I will admit that when I’m lazy, I skip this step. It’s OK, as long as you don’t overfeed the worms. Check the lower levels. Are they mostly black dirt with few visible pieces of food? If so, you’re good to go.

Step 3: Spread the food into a lower level tray
… Step 4: and cover it with garden soil (the kind you put in flower pots) or shredded newspapers

You want your compost to have a carbon-nitrogen balance (just like with any other composter). While the scraps provide plenty of nitrogen, you need some “brown” carbon sources. Gusanito recommends coconut coir, Tonya Kay uses shredded newspapers, and I use garden soil. The layer will also prevent fruit flies from getting too interested in your compost bin. I have quite a few fruit flies in the house, despite the traps I set for them (not a lot, but they reproduce pretty fast) and none of them are interested in the worm factory.

Step 5: Keep track of your progress:

After a few days, depending on how many worms you have and how much produce you fed them, you will see how the compost material has shrunk, and you are left with brown dirt. You are on your way to beautiful compost! Worms will reproduce as you add more food, and will die off if you don’t feed them enough. Either way, they adapt and need very little maintenance.

Step 6: Harvest your beautiful black soil…

Every once in a while, you want to turn the dirt over to aerate it. When you have very, very few worms left, you can take the tray outside (or on a layer of newspaper indoors) and empty it. You can now use the soil to mix in your flower pots, and spread it in your vegetable garden.

… and worm tea:

You will have worm tea fairly often, and you need to empty the trays regularly. This is very easily done thanks to the little spout on the front of the composter. Use the worm tea to water your plants, instead of fertilizing them.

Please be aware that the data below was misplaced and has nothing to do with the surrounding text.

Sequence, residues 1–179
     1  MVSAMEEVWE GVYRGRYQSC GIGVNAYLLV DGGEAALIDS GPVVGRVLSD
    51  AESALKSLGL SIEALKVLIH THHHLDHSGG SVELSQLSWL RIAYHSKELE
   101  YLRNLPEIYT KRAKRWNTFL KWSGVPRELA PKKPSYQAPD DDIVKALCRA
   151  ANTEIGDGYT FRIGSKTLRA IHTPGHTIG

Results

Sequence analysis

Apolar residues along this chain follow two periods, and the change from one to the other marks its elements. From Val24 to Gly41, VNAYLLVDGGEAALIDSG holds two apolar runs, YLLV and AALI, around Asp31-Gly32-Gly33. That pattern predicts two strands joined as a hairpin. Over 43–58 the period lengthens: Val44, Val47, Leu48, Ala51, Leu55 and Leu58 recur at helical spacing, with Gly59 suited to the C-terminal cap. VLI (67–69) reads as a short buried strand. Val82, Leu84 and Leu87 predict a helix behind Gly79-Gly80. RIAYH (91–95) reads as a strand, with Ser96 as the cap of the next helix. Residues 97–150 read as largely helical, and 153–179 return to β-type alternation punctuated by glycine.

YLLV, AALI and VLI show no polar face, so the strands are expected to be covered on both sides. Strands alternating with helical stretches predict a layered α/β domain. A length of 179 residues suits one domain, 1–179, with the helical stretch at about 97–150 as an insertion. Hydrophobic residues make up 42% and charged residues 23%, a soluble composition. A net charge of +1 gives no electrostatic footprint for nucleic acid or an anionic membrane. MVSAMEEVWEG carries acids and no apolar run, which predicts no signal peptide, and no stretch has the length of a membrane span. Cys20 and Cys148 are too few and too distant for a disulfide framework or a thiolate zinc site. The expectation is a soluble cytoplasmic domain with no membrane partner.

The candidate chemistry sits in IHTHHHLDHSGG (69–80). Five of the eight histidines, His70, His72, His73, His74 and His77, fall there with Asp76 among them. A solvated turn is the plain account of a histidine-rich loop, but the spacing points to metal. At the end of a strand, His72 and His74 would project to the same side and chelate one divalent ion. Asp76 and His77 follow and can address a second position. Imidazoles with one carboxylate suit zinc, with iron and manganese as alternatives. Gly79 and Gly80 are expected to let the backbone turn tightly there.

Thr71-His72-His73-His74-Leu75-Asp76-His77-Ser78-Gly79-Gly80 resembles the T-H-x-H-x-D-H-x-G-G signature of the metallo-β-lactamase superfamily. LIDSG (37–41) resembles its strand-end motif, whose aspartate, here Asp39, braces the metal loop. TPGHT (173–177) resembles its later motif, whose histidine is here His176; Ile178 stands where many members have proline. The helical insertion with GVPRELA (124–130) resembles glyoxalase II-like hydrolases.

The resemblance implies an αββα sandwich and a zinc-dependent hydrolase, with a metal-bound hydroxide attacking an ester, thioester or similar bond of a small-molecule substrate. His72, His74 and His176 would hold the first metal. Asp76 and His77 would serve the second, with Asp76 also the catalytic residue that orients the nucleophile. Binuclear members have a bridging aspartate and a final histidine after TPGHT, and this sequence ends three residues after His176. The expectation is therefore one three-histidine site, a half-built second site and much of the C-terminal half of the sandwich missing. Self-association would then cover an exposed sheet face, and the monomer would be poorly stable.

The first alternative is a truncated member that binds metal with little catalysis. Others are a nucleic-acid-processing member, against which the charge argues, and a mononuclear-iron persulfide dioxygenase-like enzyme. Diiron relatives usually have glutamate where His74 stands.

That’s it! That’s really one of the wonderful benefits of a plant based diet. You eat food that requires very little packaging, and the scraps decompose to grow more food… which will in turn be composted. It’s quite a beautiful cycle!


  1. says

    That’s great–thanks for the information! I had not heard of this method of composting before, but any method involving less stink is always preferred. Have you heard of the “Bokashi” method of composting? Bokashi in Japanese refers to the process of fermenting organic matter. The method uses anaerobic (without oxygen) fermentation to ‘pickle’ organic matter in an airtight container with a bran that is included with effective microorganisms. Once the matter is matured it can be planted in your garden or added to above ground composting boxes. Within weeks, the fermented matter is decomposed into highly nutrient rich soil ready for use as natural fertilizer or for planting. Check out this blog post for more information:


  2. says

    Thinking of getting a kit for vermicomposting. I might just end up putting it on my list. Would you suggest going to the multi tray installations or just a simple box?


    Reply by stacey on September 21st, 2010

    Hey Roch… lol… wish I could help… I live in an apartment without a balcony, so I haven’t gotten into composting… but maybe there’s a commenter in the above mentioned blog who could speak from experience? xoxo Stacey